Eric Knowles Eric Knowles, Antiquarian


When a Bakelite toy car made in 1929 sells for £2000 you might find your attitude to this once ubiquitous material changing just a little. This early plastic was discovered in 1907 by a Belgian chemist working in New York called Leo Hendrik Baekeland and who gave his name to this versatile material. Today's collectors tend to regard Bakelite as a generic term for both this and the other related plastics discovered in the inter war years.

The big attraction for most collectors is the sheer variety available from cameras to cocktail shakers and tape measures to table tennis bats. In short there appears to be little in either domestic or decorative products which this wonder material failed to infitrate. The perfume house of 'Bourgois' commissioned a range of mottled blue bakelite presentation boxes offered to customers each Christmas. Produced by a maker called 'Prestware' the range included an Owl and a Grandfather clock priced today at £80 and the rarer Eiffel Tower at £250.

The celebrated jeweller and glass maker Rene Lalique experimented with designs for a square powder box moulded with cherries. Found in red and black and valued at £400-£500. The heat and electrical resistant properties of this early plastic was not lost on the industrial designers of the day. The US designer Walter Dorwin Teague was keen to introduce streamline elements and his rocket shape vacuum cleaner could be your for about £150 - minus suction.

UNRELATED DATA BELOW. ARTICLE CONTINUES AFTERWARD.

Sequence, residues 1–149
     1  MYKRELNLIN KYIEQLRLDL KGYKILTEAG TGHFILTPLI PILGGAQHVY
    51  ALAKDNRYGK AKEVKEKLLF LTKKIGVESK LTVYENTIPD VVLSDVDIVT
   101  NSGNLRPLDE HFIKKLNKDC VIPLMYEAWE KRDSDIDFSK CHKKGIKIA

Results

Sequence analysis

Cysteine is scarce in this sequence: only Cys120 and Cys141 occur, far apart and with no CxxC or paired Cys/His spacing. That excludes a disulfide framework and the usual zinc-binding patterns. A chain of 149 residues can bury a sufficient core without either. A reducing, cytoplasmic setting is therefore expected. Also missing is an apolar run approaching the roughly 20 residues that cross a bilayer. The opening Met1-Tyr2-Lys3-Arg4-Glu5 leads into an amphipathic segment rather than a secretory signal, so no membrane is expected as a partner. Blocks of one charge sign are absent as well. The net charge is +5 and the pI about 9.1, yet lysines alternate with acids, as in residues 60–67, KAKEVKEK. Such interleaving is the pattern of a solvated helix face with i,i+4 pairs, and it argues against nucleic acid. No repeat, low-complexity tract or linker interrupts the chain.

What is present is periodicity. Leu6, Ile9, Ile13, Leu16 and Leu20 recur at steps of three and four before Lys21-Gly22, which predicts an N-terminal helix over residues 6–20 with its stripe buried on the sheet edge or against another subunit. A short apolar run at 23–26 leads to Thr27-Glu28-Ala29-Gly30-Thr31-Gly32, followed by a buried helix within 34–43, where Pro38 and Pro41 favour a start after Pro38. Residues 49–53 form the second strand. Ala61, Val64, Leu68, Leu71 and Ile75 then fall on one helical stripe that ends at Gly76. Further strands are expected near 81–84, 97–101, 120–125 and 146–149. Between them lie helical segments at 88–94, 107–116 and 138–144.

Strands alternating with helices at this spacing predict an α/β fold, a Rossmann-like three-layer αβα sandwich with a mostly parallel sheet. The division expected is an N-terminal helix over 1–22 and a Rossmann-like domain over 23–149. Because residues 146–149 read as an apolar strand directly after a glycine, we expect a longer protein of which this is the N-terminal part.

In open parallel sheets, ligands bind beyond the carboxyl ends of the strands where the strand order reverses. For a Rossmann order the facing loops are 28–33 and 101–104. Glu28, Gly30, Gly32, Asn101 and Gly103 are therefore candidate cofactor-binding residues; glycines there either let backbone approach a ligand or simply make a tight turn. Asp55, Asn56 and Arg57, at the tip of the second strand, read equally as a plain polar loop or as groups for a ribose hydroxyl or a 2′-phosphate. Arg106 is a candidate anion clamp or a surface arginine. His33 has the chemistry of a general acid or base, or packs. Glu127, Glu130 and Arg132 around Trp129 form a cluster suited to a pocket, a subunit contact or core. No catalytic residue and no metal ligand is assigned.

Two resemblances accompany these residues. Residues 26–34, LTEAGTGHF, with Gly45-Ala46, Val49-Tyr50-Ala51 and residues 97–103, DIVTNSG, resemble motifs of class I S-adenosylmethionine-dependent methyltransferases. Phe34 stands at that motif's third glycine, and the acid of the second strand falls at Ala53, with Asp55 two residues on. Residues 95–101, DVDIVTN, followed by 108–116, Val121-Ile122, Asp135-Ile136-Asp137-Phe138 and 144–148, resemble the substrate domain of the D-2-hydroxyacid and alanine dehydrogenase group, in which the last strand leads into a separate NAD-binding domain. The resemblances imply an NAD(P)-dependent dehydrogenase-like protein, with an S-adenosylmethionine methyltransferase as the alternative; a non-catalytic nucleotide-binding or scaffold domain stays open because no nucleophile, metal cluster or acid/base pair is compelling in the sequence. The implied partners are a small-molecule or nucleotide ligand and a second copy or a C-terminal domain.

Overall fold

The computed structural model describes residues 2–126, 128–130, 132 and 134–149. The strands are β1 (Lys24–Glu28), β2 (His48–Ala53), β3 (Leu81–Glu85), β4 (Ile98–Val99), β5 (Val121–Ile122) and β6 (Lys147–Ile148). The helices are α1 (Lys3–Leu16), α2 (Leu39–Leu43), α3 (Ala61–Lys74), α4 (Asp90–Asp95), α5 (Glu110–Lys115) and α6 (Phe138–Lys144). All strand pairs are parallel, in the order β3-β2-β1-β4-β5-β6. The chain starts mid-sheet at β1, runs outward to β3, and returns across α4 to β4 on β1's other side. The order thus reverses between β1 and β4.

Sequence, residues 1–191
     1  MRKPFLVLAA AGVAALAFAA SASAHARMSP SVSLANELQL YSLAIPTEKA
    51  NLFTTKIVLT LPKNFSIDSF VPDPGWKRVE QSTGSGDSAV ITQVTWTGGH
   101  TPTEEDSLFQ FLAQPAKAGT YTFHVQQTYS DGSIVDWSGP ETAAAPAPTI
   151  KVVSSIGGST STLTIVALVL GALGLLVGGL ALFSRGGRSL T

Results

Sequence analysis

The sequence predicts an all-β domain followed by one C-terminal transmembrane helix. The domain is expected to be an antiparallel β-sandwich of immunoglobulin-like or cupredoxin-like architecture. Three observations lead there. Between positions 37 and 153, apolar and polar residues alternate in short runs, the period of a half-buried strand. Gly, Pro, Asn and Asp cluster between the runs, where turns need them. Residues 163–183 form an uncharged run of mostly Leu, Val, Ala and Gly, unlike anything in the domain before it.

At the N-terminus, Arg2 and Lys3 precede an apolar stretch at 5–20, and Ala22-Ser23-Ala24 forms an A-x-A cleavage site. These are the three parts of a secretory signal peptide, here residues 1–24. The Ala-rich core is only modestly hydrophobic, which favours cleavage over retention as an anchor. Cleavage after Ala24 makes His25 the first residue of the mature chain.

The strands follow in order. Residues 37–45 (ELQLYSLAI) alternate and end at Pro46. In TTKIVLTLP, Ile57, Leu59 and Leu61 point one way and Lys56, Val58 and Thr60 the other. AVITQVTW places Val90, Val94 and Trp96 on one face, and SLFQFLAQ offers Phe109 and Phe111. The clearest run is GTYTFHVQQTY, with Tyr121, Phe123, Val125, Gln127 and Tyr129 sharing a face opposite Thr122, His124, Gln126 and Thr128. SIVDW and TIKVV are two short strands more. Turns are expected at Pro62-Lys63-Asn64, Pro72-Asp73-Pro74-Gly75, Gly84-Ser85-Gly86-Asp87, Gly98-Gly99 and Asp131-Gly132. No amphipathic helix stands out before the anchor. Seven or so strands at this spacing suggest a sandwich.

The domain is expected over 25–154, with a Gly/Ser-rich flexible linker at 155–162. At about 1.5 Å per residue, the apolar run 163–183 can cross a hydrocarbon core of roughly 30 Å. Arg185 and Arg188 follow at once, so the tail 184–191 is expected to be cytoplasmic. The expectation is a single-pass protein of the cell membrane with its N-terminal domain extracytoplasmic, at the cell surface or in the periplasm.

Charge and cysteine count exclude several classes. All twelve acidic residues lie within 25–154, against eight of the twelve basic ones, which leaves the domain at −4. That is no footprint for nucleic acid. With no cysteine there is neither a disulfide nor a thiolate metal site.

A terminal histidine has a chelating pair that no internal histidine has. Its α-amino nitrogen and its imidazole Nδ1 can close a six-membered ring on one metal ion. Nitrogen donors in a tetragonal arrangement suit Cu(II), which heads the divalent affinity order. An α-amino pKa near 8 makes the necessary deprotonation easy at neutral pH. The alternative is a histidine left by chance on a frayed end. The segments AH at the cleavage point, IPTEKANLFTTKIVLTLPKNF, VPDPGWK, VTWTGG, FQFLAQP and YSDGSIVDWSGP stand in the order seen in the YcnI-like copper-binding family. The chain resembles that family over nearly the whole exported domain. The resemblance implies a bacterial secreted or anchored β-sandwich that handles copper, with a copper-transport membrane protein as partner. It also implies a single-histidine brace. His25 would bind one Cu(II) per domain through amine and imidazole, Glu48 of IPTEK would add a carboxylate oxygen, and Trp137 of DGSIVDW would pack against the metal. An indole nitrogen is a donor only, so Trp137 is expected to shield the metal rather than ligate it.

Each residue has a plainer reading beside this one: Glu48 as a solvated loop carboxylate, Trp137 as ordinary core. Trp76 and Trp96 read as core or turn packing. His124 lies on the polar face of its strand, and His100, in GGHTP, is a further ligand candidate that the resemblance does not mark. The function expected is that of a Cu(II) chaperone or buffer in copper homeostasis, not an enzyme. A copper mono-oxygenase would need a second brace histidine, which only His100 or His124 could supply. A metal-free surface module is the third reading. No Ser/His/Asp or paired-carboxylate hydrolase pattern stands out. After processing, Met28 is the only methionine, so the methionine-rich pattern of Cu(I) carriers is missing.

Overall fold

Desk fans when found in working order are always popular, the most desirable at £200 is the EMI Bandelero complete with cloth safety blades. The 'picnic' appears to have enjoyed a particular popularity during the inter war years. Enter the bakelite Thermos Flask, prices start at £20 up to £80 for an Art Deco example. The telephone probably qualifies as the most ubiquitous of all Bakelite products with collectors on the lookout for the GPO 200 series brought out in 1927. Its Deco pyramid shape adds to its desirability and price is determined by the rarity of the colour with black £150, cream £350, red £800 and green £1200.

Camera manufacturers were also quick of the mark in recognising the potential of this malleable and sturdy substance. An important word of warning is that when dropped Bakelite often suffers hairline cracks which in most instances reduces the value by 75%. Cameras are prone to such defects but when in sound condition can still offer good value for money. Keep an eye out for the colourful 'Coronet Midget' the blue sells at £300.

Should your taste be more towards the decorative than the domestic then look no further than the mind bending range of Bakelite jewellery. Prices start from as little as £10 for a 'Scottie Dog' brooch to £1000 plus for an exotic carved necklace. The market is primarily US based and after witnessing big prices the market has softened recently which alongside a strong pound is good news for the Brits.

Should you decide to set about collecting Bakelite and early plastics it's important to remember that seasoned collectors look for good shapes and vibrant colours. However the materials low resistance to UV light can result in significant colour loss and fading given the passage of time. This is probably the most significant factor when assessing the value of radios especially those made in the USA.

Of all that is available for me it's these US radios that set the pulse racing the combination of primary colours and inventive 'Deco' forms are magical. The 'Fada Streamliner' is tempting even with a £1000 price tag but possibly upstaged by Noman Bel Geddes and his 'Patriot' range in red ,white and blue, price £1500. If you want to go British 'Ecko' called on the services of Wells Coates his AD 65 produced in chocolate brown from 1935 till 1945 is worth thinking about at £500.

For further information

Contact Internationally respected Bakelite and Plastics Expert - Gad Sassower.


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